BBC are refused Cabinet Office info on top suppliers initiative

We featured a whole range of posts around UK government procurement last week, and touched again on the initiative to drive savings from major suppliers to Government.

We've commented several times that no supplier has issued a profit warning or anything similar despite the fact that Francis Maude is talking of savings of £800 million this year from the initiative. At the same time, I'm assured by people I know well in Government that real benefits are being achieved here.

I've been considering banging in a Freedom of Information (FOI) request, but now the BBC's Martin Rosenbaum on his FOI Blog reports that the BBC have done the same to try and get more details on the savings.  And they report here that, perhaps not surprisingly, their request has been turned down because of 'commercial confidentiality'. They also point out the somewhat conflicted role Maude plays in this as the Minister responsible for the Transparency agenda:

More recently Francis Maude, the minister leading the government's transparency agenda, told last year's Conservative party conference that the coalition had already saved several 100 million pounds by renegotiating contracts with large suppliers. My colleague Julia Ross asked the Cabinet Office to break this down by supplier, so that we could examine and report on the exact nature and extent of the savings obtained. The government confirmed they held the information, but this week declined to reveal it. They argued that it would harm commercial confidentiality and also damage relationships with suppliers. The minister who gave his formal opinion that disclosure would prejudice the effective conduct of public affairs was the Minister for the Cabinet Office, who is Francis Maude.

I can see that there are some commercial issues here.  But the Cabinet Office needs to say something more about this - taking care not to genuinely prejudice commerciality - rather than purely making assertions of very large numbers.  Otherwise we will be back in the discredited 'efficiency savings' of the last Government and the public, press and other interested parties will all start to think the worst (see our "12 top tips"...)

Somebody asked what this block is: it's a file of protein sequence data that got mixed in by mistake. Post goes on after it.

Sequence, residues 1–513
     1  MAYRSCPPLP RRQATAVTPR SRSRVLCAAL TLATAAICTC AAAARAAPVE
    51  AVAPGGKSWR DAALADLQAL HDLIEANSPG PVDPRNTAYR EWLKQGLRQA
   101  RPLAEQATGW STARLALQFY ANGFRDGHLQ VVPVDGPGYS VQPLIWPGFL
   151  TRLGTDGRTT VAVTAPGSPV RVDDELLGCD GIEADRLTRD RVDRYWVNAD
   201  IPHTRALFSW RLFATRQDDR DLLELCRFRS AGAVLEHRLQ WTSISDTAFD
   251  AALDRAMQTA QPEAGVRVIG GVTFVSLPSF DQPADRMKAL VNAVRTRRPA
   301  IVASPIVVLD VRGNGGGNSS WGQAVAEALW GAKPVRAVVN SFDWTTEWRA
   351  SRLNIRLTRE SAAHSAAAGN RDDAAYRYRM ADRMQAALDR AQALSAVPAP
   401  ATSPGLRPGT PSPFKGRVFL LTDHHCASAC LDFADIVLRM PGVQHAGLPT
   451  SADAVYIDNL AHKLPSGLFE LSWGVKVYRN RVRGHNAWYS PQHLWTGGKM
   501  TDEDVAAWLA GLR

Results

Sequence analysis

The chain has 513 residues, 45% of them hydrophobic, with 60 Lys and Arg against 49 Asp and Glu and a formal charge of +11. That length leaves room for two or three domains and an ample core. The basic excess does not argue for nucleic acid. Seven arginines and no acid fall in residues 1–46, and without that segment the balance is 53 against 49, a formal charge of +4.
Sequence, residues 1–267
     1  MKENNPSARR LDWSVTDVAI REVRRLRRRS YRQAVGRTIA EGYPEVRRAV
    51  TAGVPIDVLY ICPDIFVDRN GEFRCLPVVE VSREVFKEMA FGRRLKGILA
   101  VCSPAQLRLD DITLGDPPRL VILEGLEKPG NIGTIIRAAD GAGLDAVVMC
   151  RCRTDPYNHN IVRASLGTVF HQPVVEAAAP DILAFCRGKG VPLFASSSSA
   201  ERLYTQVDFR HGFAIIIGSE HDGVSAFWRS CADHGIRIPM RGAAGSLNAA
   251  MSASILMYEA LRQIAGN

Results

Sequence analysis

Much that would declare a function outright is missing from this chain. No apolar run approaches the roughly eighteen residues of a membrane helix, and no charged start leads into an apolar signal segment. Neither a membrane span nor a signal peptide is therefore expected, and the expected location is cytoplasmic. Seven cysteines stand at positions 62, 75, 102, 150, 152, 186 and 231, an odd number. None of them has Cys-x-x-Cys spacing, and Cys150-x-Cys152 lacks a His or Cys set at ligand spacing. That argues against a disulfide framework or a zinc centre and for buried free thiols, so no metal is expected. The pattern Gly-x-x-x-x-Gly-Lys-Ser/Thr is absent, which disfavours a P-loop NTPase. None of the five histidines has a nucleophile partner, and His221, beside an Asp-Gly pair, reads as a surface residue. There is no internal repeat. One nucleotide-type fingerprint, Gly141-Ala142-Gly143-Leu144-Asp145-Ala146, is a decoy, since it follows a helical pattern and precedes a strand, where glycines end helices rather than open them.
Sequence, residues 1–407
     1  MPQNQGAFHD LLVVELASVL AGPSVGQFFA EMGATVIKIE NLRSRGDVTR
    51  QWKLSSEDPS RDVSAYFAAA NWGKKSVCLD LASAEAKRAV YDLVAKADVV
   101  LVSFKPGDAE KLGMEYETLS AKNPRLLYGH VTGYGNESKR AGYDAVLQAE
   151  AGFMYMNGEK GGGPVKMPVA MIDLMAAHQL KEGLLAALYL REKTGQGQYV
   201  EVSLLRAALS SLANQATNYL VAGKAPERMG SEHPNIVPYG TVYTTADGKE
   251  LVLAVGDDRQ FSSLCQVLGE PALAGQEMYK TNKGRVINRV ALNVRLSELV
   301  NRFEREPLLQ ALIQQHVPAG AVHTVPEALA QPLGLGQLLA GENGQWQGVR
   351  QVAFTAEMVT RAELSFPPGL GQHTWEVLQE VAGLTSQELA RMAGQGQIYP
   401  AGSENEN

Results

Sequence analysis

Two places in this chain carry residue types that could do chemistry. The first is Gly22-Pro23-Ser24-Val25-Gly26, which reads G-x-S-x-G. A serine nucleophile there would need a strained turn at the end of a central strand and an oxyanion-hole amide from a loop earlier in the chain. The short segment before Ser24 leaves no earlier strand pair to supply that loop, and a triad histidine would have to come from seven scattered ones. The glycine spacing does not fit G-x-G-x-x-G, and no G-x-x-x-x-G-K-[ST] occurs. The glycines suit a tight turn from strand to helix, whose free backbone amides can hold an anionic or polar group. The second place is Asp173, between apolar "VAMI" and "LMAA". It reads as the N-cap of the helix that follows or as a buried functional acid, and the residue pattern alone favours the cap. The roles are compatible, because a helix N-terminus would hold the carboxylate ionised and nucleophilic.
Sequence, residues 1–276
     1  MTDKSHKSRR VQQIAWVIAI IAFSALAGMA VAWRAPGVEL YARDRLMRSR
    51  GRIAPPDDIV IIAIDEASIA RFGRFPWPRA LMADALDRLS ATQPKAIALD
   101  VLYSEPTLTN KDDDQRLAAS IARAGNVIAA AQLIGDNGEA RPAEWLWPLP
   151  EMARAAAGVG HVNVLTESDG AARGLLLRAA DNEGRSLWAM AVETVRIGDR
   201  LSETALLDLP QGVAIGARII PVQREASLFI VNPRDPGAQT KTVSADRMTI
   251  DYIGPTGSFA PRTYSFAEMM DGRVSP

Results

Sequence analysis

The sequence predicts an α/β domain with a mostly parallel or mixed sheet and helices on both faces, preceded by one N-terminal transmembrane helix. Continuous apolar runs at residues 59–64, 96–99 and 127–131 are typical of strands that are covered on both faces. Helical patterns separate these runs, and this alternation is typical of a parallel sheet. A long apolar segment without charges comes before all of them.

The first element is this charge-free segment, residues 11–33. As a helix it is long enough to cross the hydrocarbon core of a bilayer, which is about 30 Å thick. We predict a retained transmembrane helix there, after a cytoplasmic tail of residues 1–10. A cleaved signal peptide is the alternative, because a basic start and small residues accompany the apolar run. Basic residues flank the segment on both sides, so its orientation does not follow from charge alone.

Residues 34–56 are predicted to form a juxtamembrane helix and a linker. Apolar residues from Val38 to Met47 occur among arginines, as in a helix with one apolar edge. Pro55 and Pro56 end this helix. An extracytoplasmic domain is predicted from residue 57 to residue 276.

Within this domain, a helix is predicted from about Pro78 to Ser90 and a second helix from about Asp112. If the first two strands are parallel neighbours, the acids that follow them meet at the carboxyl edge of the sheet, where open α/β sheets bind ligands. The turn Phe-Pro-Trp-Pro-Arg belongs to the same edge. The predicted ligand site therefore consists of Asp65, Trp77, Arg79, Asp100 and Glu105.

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Voices (3)

  1. Peter Smith:

    I agree the baseline is key. I’d like to get inside the numbers, as it would be a shame if good work is going on and it loses credibility because no one tends to believe big numbers mentioned in Ministers’ speeches without any evidence! (I wonder why…) And as you say, some suppliers have definitely seen pain…

  2. John Diffenthal:

    The problem with these kind of figures (£800 million in the current year) is that no-one has a clue what the baseline is. If projected spend was 2010 plus £800 million then the saving would be an unchanged picture for suppliers – I realise that is unlikely but without the context it is difficult to know what conclusions to draw.

    That said, there isn’t much doubt that some of the initial targets of the Coalition, things like Building Schools for the Future, have bruised the construction industry, so some suppliers have certainly felt some pain from the change in government.

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